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For Sharon Gregson, the long battle for better child care continues

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Advocates were bitterly disappointed by the NDP government’s broken promises. But they aren’t giving up.
Klukas, Jenessa Joy
Publication Date: 
25 May 2021


April 19 was a big day for Sharon Gregson — one she’s been waiting for since 1987.

“I was a single parent, going back to university, and I needed child care for my two baby boys,” Gregson remembers. She soon learned a harsh reality: affordable, accessible child care was hard to find.

It set the course for the rest of her life. “I quickly became a child care advocate, knowing how access to child care is tied to women’s equality,” she says.

Statistics Canada reports that 60 per cent of children under four are in some form of child care, while 53 per cent of parents in Canada struggle to find child care.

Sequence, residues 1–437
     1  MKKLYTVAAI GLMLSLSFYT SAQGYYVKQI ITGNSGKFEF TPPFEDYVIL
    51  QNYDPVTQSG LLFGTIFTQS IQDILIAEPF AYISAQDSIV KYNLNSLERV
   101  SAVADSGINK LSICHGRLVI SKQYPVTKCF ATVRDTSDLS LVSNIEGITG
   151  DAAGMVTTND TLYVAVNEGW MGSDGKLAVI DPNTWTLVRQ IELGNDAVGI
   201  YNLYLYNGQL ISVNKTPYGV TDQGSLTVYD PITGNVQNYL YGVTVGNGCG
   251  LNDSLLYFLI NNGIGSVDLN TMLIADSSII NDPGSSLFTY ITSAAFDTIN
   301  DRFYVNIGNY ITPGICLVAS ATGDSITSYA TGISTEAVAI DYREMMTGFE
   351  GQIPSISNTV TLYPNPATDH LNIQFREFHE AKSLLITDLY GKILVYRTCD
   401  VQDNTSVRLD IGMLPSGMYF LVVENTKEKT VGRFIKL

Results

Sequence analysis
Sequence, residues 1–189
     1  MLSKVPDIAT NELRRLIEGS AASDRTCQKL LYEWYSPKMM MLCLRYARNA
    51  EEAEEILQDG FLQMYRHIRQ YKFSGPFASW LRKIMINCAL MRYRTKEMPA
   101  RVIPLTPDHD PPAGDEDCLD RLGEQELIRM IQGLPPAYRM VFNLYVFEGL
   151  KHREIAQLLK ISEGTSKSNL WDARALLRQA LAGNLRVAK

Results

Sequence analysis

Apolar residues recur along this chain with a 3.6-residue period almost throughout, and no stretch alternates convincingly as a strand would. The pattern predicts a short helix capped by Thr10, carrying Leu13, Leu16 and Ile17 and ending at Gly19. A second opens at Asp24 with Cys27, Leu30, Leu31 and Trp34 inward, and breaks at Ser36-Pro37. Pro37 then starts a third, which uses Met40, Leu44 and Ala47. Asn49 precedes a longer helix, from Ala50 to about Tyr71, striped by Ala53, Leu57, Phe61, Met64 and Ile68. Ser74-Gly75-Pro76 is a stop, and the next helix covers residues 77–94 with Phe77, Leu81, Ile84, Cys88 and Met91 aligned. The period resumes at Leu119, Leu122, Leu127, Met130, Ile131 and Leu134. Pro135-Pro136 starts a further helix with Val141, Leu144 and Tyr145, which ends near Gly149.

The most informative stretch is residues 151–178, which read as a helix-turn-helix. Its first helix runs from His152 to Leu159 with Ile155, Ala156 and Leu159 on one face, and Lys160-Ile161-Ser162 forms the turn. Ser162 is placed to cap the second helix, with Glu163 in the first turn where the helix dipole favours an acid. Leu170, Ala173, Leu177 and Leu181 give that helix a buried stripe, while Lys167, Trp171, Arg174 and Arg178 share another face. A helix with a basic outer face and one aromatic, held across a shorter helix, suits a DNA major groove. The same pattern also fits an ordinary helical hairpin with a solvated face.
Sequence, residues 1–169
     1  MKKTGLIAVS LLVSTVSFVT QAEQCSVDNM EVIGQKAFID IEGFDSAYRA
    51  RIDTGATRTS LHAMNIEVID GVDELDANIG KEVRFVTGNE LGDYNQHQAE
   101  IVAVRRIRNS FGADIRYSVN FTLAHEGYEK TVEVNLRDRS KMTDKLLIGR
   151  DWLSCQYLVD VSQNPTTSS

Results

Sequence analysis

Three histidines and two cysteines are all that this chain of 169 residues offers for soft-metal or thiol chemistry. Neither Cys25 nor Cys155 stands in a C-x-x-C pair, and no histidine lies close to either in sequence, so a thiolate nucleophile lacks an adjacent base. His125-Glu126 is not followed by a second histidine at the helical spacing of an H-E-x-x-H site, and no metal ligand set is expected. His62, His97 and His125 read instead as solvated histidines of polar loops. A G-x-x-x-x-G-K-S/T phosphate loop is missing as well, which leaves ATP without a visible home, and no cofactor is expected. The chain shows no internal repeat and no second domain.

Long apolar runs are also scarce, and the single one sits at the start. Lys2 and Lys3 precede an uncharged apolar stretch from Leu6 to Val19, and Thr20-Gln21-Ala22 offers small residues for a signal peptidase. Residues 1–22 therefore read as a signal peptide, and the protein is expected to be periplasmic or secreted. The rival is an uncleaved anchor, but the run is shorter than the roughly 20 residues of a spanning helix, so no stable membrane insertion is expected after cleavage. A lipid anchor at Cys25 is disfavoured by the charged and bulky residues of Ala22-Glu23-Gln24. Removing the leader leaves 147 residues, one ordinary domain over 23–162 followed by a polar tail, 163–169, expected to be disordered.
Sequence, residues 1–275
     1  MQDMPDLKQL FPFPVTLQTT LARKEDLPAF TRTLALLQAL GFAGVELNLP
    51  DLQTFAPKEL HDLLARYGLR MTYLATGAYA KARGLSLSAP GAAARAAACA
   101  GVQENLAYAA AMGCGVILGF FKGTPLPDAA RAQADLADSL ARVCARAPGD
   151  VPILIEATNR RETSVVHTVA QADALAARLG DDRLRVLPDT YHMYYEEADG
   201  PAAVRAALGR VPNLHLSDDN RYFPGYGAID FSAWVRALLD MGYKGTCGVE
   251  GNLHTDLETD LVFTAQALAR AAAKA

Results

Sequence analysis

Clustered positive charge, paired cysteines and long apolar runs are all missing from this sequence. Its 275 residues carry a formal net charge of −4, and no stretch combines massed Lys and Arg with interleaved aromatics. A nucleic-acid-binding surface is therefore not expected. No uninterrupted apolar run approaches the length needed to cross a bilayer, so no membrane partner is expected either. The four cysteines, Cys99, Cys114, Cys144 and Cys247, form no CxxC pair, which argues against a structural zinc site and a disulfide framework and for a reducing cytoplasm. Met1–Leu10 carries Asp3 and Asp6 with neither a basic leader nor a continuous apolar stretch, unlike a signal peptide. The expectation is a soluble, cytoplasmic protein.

Today, Gregson is the spokesperson for the $10-a-Day campaign, an initiative run by the Coalition of Child Care Advocates of BC and the Early Childhood Educators of BC.

April 19 was the day the federal government finally made good on what Gregson has long dreamed of — a $30-billion commitment over five years to build a national child care program.

It was a big victory for Gregson and countless other advocates.

“Personally, I got messages from across the country,” Gregson says. “People who were ecstatic! People who were offering their congratulations.”

But the joy was short-lived. The following day, British Columbia announced its provincial budget, allotting just $233 million in the next three years to building out B.C.’s child care system.

It was a stark difference from the NDP’s promise of an extra $750 million annually for child care during last fall’s election campaign.

“To say it was a lacklustre budget for child care is probably an understatement,” Gregson says. “I think that people across the country were saying, ‘What the heck happened in B.C.?!’ Because we had, for the last three years, been a leader on child care.”

Emily Gawlick, executive director of the Early Childhood Educators of BC, agrees the federal government’s commitment was a huge moment.